Polo’s game is not horsing around.

Volkswagen’s turnaround from being solely a small car and a hippie’s traveller are well documented, with the group Polo left frontliterally having a car to suit every occasion. The recent launch of the Up! adds another arrow to the light car sector quiver, with the Polo a well established contender in this segment. A Wheel Thing had the pleasure of the $21K Polo TSI 77 Comfortline for a week, complete with DSG auto transmission and the potent little firecracker 1.2L turbo petrol engine. What seems like small numbers (77kW @ 5000rpm and 175Nm from 1550-4100rpm) bely the performance and driveability of this 1088kg rocket.

Yes, the Polo is a small car and, nominally, a five seater. There seems to be, in this case, a discrepancy as to what constitutes a normal size human being, with interior width barely 1.6 metres allowing, well, not a lot of breathing space. With the front sePolo dashats back to accomodate anyone around the 180cm size, rear seat pasengers would need detachable legs to fit. Yes, small cars do that….. The seats are themselves quite comfortable, with a good measure of support under thigh. The tiller is adjustable for height AND reach, unusual enough nowadays and moreso in this class. The dash is clean, simple, easy to read, as you’d expect, whilst the general look and feel again belies the size. The centre console has a dual layer drawer setup and the glove box can be used as a cooler bin plus the now ubiquitous Bluetooth and outside temperature display. Radio and aircon switching was logically laid out and a snip to use. Boot space with the seats up? Ummmmmm….

Polo right rearThe exterior is well in keeping with VW’s current design philosophy, with a smooth, flowing exterior linked to either end by somewhat angular clusters for the headlight and tail lights. A nifty touch is the rear hatch release being the rear hatch badge. It’s a clean look all around, matching well with the TSI’s 15 inch alloys on 195/55 tyres. A Wheel Thing’s test car was clad in Pepper Grey, a subtle colour requiring the lights on when overcast as it’s a shade guaranteed to blend into the road.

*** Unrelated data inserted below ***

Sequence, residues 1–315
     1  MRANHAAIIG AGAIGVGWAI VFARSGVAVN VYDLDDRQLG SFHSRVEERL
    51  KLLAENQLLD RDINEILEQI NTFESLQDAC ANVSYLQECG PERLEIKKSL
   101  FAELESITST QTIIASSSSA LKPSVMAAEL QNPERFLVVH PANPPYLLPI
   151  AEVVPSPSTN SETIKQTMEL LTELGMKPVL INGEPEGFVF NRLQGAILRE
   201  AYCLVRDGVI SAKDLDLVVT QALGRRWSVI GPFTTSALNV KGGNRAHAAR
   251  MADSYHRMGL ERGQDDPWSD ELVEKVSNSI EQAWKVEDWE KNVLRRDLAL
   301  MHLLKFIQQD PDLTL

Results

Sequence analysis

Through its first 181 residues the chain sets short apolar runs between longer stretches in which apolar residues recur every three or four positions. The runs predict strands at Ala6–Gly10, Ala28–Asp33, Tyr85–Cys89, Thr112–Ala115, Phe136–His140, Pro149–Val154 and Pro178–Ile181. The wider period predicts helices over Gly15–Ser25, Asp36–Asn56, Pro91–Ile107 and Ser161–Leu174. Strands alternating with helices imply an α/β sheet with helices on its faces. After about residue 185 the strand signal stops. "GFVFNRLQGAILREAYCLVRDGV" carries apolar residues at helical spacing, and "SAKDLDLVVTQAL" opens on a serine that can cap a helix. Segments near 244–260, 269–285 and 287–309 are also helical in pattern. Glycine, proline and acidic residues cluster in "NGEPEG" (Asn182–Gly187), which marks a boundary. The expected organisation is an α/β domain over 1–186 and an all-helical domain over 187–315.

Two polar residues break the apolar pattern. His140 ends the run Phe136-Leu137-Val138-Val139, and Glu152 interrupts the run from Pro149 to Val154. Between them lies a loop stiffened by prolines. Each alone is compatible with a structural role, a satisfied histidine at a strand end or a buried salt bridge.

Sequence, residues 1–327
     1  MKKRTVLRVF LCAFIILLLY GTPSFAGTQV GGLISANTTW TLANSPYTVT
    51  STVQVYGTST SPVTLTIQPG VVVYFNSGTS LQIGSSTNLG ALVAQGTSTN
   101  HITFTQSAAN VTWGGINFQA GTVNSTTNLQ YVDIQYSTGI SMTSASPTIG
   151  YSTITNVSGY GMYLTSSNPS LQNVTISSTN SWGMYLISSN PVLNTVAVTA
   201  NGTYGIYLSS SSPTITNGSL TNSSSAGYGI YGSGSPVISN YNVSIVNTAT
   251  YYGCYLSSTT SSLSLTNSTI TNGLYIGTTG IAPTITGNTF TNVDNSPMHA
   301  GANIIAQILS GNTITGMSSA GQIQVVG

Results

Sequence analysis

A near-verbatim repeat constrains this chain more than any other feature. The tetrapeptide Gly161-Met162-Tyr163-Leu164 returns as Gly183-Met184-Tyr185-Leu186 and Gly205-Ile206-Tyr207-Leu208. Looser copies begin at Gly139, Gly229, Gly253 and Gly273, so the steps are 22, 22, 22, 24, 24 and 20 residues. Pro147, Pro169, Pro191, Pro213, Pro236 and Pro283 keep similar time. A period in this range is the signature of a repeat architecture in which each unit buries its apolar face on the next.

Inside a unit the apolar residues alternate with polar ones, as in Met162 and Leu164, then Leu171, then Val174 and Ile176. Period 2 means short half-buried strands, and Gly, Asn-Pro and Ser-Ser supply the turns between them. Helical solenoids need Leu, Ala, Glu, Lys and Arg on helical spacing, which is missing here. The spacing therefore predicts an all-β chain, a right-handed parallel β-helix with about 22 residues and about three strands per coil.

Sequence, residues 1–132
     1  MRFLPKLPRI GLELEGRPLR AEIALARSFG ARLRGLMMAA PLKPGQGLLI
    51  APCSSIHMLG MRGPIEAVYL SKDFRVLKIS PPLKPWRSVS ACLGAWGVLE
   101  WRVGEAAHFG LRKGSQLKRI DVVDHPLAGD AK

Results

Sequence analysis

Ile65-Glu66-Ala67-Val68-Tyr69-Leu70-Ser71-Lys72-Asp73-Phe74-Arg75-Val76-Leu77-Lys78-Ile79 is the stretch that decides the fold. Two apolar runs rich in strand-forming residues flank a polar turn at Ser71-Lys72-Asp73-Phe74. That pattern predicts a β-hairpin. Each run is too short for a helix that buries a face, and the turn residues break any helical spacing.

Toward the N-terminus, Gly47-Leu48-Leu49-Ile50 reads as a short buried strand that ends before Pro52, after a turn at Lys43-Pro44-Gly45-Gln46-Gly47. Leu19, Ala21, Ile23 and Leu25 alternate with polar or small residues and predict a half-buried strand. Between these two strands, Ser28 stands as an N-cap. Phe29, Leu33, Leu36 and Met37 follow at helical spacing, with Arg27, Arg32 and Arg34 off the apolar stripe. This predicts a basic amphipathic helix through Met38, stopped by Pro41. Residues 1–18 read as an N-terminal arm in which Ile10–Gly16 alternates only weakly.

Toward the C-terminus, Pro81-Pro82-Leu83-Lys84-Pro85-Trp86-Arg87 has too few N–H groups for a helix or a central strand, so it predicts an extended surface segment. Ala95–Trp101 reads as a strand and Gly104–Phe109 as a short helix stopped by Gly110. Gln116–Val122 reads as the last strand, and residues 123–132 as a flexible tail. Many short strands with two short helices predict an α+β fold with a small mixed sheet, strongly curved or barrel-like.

For the uninitiated, the double clutch auto (http://en.wikipedia.org/wiki/Direct-Shift_Gearbox) in the Volkswagen range can take a little getting used to. Foot on the brake, press the lock lever and move backwards; a slight and barely audible thunk for reverse….back again through neutral to Drive and there’s a momentary hesitation as the car rolls backward and the dual clutches disengage and reengage for the first of seven forward driven gears. Given a right foot full, the Polo leaps ahead like a horse swatted on the bum, whilst the tacho needles flies around, the engine gives a hornet buzz and the display shows D1, D2, D3 and so on in rapid succession. Volkswagen’s own figures quote 9.7 seconds to 100 kmh….the seat of the pants say it feels faster; but such is the engine’s worth it’s available in the upcoming range of Skoda’s Octavia. The chassis is well developed, taking corners in its stride, minimal torque steer under load whilst the rear end can be controlled by a deft dab on the brake while cornering, with the proven torsion beam rear and MacPherson strut front doing the job. Along the way the DSG box Volkswagen Pologives that manual blip on the upchange and it’s even more noticeable on the way back up through the gears, especially at lowering speeds. It’s an interesting sensation and sound but a great demonstration of technology. There’s plenty of tech behind the scenes, with the expected plethora of passive and active safety items, such as curtain airbags and traction control.

Although it’s the size of a pony, the Polo doesn’t horse around. The tallish and therefore rear seat passengers would find the interior, as comfortable as it is, somewhat cramped, but the 1.2L turbo firecracker in this model makes up for it.

http://www.volkswagen.com.au/en/models/polo.html

 

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